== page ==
Posts Tagged ‘violence’
August 22, 2014 | by Kevin Nguyen
At the worst possible moment, Battlefield Hardline valorizes police violence.
The Battlefield series, one of the past decade’s most popular video-game franchises, has already given gamers the chance to play as soldiers in World War II, Vietnam, and the Middle East. Now Battlefield Hardline, slated for release early next year, allows players to assume the role of a new kind of soldier: the police officer. A recent preview of the game shows a cop throwing a thief to the ground and cuffing him; the player is given the option to Hold E to Interrogate. The officer yells, “Tell me what you know!” and earns fifty points: Interrogation successful.
To Visceral Games, who developed Battlefield Hardline, the roles of soldiers and cops are so interchangeable that Army camo can simply be “re-skinned” into police uniforms. In light of the killings, riots, fear, and unrest in Ferguson, Missouri, the game raises disquieting questions about the relationship between law enforcement and citizens—in short, it’s a horror to watch.
As a cop in Hardline, you’re tasked with preventing robberies and rescuing hostages, which often means shooting all the criminals until they’re dead. (The gentlest thing you can do is arrest them.) The game also enables players to take the role of the criminals, and perhaps the more troubling aspect of Hardline is that this experience is identical to playing as the police: both “the good guys” and “the bad guys” see the world through crosshairs. The best players shoot first, and shoot from behind. Read More »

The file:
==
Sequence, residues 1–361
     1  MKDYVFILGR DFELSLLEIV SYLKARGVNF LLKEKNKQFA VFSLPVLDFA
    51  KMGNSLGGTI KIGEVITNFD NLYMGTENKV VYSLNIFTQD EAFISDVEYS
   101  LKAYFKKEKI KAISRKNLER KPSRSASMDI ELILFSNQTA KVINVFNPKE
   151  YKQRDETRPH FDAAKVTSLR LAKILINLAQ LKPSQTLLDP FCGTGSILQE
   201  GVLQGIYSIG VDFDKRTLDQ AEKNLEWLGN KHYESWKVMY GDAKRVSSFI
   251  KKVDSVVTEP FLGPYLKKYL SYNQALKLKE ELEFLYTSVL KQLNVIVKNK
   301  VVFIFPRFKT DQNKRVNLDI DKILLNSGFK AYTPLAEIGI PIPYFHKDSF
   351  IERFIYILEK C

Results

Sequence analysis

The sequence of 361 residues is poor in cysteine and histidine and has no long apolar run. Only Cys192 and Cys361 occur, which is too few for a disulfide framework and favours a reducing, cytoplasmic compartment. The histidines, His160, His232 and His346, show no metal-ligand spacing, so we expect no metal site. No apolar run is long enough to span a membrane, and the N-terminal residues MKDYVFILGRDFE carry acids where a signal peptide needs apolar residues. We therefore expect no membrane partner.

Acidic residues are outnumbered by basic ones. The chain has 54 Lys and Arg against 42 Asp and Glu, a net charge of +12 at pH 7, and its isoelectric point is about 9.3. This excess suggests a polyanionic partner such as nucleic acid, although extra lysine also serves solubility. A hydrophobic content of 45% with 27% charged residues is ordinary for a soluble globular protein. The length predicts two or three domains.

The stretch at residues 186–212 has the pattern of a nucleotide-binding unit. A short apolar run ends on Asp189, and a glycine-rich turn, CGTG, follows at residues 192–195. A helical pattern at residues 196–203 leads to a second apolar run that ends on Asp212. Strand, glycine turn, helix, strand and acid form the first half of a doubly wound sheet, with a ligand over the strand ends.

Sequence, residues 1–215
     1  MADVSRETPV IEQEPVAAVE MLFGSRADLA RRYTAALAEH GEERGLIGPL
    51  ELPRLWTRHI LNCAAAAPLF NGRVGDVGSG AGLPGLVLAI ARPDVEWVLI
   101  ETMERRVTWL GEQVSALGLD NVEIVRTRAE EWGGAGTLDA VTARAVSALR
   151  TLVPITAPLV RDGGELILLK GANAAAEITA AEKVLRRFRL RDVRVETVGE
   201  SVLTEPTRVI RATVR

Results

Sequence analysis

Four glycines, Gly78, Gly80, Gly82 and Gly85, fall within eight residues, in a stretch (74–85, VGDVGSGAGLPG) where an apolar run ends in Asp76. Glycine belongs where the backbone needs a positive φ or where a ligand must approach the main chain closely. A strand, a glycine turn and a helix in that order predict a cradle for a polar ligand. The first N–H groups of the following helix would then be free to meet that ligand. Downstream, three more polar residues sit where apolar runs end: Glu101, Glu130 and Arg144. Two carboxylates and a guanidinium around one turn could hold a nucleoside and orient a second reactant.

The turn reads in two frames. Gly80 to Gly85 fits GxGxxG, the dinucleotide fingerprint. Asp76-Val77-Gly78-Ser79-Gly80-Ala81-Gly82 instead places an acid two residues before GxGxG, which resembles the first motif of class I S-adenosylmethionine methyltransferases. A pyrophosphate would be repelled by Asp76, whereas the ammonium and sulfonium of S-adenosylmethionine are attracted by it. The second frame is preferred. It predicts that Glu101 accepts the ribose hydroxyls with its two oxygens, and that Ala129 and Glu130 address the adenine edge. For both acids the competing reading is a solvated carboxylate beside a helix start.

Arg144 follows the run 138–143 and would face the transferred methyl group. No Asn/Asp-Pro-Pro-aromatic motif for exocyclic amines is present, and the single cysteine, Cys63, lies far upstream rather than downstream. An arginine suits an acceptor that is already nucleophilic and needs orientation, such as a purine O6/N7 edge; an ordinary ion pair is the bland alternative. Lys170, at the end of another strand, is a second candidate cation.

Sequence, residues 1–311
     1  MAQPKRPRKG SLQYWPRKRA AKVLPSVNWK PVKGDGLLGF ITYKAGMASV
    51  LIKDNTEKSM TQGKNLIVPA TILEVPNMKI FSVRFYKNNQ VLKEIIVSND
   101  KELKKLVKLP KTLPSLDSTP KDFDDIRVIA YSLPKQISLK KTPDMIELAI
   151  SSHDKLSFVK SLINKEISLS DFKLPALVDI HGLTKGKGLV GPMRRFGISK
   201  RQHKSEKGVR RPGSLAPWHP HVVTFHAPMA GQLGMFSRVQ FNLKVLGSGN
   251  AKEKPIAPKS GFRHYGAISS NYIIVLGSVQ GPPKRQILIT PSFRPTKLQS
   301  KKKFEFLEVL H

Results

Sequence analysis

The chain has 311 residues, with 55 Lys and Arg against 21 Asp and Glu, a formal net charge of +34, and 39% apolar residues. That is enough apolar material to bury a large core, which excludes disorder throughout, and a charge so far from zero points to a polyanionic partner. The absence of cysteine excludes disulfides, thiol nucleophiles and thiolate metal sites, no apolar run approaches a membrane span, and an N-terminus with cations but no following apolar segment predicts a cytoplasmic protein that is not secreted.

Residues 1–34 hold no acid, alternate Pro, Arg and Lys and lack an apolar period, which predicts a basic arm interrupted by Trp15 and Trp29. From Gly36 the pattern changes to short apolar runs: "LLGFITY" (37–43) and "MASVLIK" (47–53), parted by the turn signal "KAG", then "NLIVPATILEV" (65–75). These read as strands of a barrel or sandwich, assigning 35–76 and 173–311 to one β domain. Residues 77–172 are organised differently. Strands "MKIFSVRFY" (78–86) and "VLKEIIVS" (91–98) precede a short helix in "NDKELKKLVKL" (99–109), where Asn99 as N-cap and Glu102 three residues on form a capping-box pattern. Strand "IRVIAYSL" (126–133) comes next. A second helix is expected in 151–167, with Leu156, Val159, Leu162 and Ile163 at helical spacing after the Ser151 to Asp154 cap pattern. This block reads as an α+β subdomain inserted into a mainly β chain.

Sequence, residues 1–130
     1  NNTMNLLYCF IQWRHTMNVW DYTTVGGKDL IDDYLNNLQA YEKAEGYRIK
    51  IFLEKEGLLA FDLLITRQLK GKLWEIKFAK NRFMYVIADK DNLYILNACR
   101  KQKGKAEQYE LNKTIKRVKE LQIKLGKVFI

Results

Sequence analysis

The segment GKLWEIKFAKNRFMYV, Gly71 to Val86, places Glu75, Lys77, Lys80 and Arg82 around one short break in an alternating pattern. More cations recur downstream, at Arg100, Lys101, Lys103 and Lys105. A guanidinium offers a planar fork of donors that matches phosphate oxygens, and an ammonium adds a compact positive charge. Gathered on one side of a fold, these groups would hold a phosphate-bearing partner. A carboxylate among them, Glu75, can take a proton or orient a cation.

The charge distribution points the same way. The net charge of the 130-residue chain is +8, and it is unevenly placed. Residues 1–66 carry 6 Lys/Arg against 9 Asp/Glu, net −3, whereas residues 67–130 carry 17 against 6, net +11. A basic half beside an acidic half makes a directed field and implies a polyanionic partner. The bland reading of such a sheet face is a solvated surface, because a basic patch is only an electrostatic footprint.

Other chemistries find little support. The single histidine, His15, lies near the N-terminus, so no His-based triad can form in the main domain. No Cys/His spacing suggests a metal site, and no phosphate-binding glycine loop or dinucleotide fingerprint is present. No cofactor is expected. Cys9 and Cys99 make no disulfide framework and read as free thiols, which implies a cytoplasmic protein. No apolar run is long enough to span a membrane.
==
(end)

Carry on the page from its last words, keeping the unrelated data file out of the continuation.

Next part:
August 4, 2014 | by Dan Piepenbring
“Cats Hate Cops” is a tidy black-and-white pamphlet from Research & Destroy, a “radical zine collective” based in New York. Its title may seem, to the casual observer, like an editorial statement, but make no mistake: it’s a fact. The zine’s sixty-two pages comprise 150 years of cat-on-cop violence, all of it diligently chronicled by our nation’s newspapers—hard evidence, in other words. The first report is from 1805, when, in Edinburgh, a man attempting to police his dairy met with a cat bite on the neck; the latest is from the Melbourne Age, which last January ran a sidebar called “Anatomy of a Cat Attack.” (“Police close one lane and engage Scratchy, who resists.” Attaboy, Scratchy!)
Whether these are disconnected incidents or the enactment of a kind of feline political philosophy remains to be seen, but my money’s on the latter. It just makes sense. Cats and humans are coevolved; the Scratchys and Tigers of the world have had ample time to form opinions about authoritarianism and the police state. And think about it: Have you ever seen a cat driving a cruiser? Have you even once seen a cat with a badge? These animals want Friskies, not frisking.
Of course, the media tends to side with the state. “A mad cat upset the general routine of things last Friday morning at a grocery store,” reads a 1939 blurb, failing thereafter to give the cat’s point of view. Time and again, “Cats Hate Cops” describes a world in which the humane treatment of animals is not a going concern, and in which the police are generally assumed to be competent executors of the public will. The prose is often blunt: “After clubbing the animal into insensibility they shot it through the head,” one story ends.
July 29, 2014 | by Dan Piepenbring
My commute takes me past Paul Kasmin Gallery, at the corner of Twenty-seventh and Tenth, less than a block from The Paris Review’s offices. Every morning for the past month, I’ve paused there to stare at an installation through the window, a pair of illuminated silhouettes. I watch as one red neon man thwacks another with a red neon two-by-four. Every time, the second red neon man falls to the ground; every time, he rises again, on hands and feet, retracing the ungainly arc of his fall; and every time, the first red neon man thwacks him again.
Thwack, fall, rise, repeat. Like many forms of suffering, this one goes on ad nauseam—and like many forms of suffering, it burns itself into your retinas. I watch the cycle four or five times and then walk the two-thirds of a block to the office carrying an afterimage of neon trauma. I find this strangely buoyant.
Only today, after more than a month of doing this, did I decide to find out what exactly I’d been seeing. It’s Roxy Paine’s Incident / Resurrection (2013), which the artist’s Web site characterizes as “a visual loop of pure narrative movement”: Read More »